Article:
Today, the employee experience is more important than ever.

Better experiences improve many of the metrics mentioned above – engagement, productivity, and performance, for example.

Another benefit to consider is the company’s reputation.

They can more readily attract top talent, as well as improve relationships with partners and customers.

9. Greater support from both the top and the bottom

Change projects should align their aims with the entire organization.

Effective change practitioners make it a point to obtain support from:

  • Top-level business leaders
  • Middle managers
  • Frontline employees
  • Partners and vendors

And other stakeholders.

Aligning everyone’s interests helps to increase project outcomes on many fronts – from costs to outcomes.

10. Risk mitigation

Change, of course, comes with risk.

Failure to account for that risk can produce poor outcomes – or even cause a project to fail completely.

Change managers mitigate risk through, for example:

  • Risk assessments
  • Predictive modeling
  • Strategic risk mitigation plans
  • Responding to problems as they occur

As with any other business endeavor, it is essential to make calculated, informed decisions around risk. 

11. Career development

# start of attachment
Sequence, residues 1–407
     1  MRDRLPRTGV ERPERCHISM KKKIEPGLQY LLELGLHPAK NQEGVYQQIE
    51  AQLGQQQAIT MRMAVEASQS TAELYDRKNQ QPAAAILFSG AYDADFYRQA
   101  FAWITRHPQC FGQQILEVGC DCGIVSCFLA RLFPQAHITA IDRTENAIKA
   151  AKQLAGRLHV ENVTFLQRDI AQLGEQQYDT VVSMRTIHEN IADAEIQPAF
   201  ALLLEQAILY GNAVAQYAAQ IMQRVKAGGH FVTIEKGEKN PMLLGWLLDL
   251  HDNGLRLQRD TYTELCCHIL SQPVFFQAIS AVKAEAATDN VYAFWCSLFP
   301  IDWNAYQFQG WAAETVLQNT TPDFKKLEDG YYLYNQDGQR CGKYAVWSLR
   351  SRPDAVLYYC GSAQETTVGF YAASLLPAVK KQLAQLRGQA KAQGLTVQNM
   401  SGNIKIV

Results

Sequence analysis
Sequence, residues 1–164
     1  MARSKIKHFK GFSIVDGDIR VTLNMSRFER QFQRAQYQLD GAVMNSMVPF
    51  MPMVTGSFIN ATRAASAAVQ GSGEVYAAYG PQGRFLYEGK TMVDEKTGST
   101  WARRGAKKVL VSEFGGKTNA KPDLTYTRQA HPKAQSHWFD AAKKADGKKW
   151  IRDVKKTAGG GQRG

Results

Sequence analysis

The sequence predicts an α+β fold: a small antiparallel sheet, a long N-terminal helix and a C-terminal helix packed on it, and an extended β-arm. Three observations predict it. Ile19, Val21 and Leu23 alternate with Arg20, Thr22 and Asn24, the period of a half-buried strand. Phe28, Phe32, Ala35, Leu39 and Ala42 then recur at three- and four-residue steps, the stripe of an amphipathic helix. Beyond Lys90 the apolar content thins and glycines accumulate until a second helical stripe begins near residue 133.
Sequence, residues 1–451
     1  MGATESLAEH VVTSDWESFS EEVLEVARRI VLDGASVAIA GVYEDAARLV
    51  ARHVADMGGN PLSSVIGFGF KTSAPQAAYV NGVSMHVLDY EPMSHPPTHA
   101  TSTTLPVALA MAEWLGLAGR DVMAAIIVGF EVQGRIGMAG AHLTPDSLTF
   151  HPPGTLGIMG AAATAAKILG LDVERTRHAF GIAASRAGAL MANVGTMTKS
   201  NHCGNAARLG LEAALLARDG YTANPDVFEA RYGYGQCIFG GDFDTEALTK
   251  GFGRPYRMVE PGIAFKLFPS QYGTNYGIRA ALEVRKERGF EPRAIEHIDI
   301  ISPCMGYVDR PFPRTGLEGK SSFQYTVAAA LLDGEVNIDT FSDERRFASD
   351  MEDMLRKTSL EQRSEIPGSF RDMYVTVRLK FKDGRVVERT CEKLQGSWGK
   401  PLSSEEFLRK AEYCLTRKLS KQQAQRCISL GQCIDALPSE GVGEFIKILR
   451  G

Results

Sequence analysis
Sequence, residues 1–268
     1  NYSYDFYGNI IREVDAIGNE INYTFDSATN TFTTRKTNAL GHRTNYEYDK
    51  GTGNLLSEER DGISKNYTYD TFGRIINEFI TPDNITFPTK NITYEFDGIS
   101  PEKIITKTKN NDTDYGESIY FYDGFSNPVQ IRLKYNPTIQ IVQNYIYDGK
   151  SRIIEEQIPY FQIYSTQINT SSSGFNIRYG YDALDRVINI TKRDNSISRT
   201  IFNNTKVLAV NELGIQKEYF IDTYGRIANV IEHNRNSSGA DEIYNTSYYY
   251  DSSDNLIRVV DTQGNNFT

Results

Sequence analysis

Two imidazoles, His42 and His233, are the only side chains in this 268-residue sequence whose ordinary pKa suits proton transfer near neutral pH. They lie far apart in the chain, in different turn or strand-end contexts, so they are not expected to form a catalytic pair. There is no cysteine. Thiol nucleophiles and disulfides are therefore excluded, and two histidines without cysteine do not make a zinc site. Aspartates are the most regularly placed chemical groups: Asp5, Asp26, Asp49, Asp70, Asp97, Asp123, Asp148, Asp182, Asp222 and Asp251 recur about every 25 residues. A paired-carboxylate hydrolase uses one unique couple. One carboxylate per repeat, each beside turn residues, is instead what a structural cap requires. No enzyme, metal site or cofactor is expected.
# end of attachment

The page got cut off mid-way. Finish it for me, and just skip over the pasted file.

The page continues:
Career development has become a major trend in recent years.

There are several reasons for this:

  • The changing nature of work
  • Digital transformation
  • Automation
  • Increased need for digital skills 

Because the workplace is changing, workers recognize the need to stay competitive and relevant.

Career development has become a big focus for many HR departments and change management professionals.

12. Training, reskilling, and upskilling

Aside from long-term career development, there is also a huge need for short-term skills training.

A digital adoption program, for example, involves:

  • Software implementation
  • User onboarding
  • Training and education

By improving training, change managers can decrease time-to-competency and learning timelines.

The result: improved engagement, decreased frustration, and improved productivity.

13. Organizational agility

To stay competitive, organizations themselves must become more agile.

That is, organizations need adaptability, responsiveness, and speed.

This need has driven many organizations to adopt new business models and mindsets, such as:

And other change-friendly business approaches.

14. Greater openness to change and innovation

Dedicated change managers can influence the way a company approaches change.

More traditional businesses are often afraid of change

And this makes sense – all change carries risk.

However, this mindset can keep an organization stagnant, suppress innovation, and reduce a company’s competitive advantage.

Change management can help instill a mindset that is open to:

Being open to change helps all stakeholders stay adaptable, resilient, and competitive, even in the face of disruptive transformations.

15. Integration of change management and organizational strategy

Organizational strategy, to be effective, must embrace and integrate change management.

This is especially true in the digital age. 

After all, disruption, transformation, and change are the norm. 

Rather than treating change initiatives as isolated projects, successful companies integrate change into their top-level strategy.

Such strategic integration is paramount for any business that wants to evolve, compete, and thrive in the coming years.